Lets say you’re on a shared hosting, or you’re only a programmer which you have NO control at all on the error warning messages output by PHP, such as those E_WARNING, E_ALL, E_STRICT etc.
The easiest way to get rid of error messages in your PHP program is to add the @ operator in front of each function you call in your PHP to suppress those error messages. For example a mysql_query() might trigger error messages output or an fopen() function will display lots of messages while the file is NOT found etc. For example the following code:
Even though the above code checks if the file handler returned by fopen function is valid or not, if it’s found invalid it’ll stop there without proceeding to the next few lines of codes. But the system still outputs some warning error messages if this is configured to do so with your webhost. But you definitely don’t want these errors for a production system. As some errors could reveal the file path of your PHP script which might present certain useful information to the hackers which they can then make use of that minimum info to guess and hack your website etc.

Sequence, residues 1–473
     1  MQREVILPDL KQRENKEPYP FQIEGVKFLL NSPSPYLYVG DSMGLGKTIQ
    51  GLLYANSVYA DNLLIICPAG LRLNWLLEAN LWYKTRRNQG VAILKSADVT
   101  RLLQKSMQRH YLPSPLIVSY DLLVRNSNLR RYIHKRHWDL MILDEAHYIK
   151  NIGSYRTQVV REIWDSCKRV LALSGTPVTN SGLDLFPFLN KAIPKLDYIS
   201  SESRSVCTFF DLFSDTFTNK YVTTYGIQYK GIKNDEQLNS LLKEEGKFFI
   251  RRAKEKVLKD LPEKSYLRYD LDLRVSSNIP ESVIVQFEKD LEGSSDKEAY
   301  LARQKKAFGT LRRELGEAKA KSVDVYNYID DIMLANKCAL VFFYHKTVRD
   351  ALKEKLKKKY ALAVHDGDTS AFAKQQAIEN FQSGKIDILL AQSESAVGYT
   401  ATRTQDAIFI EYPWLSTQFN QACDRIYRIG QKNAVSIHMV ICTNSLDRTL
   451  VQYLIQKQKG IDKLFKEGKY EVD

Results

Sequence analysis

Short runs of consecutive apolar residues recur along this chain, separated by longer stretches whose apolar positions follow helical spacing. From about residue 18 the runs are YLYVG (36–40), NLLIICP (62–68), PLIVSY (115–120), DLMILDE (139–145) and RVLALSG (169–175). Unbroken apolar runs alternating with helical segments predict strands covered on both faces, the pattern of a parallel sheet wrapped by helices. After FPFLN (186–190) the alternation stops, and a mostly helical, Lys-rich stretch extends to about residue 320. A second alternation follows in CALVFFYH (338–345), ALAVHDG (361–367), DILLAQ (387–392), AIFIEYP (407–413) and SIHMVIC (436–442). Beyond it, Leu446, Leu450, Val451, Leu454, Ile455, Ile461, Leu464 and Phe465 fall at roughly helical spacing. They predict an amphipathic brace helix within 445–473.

For a programmer’s level of control, the easiest way is to add a @ operator in front of the function such as the above now becomes as follows: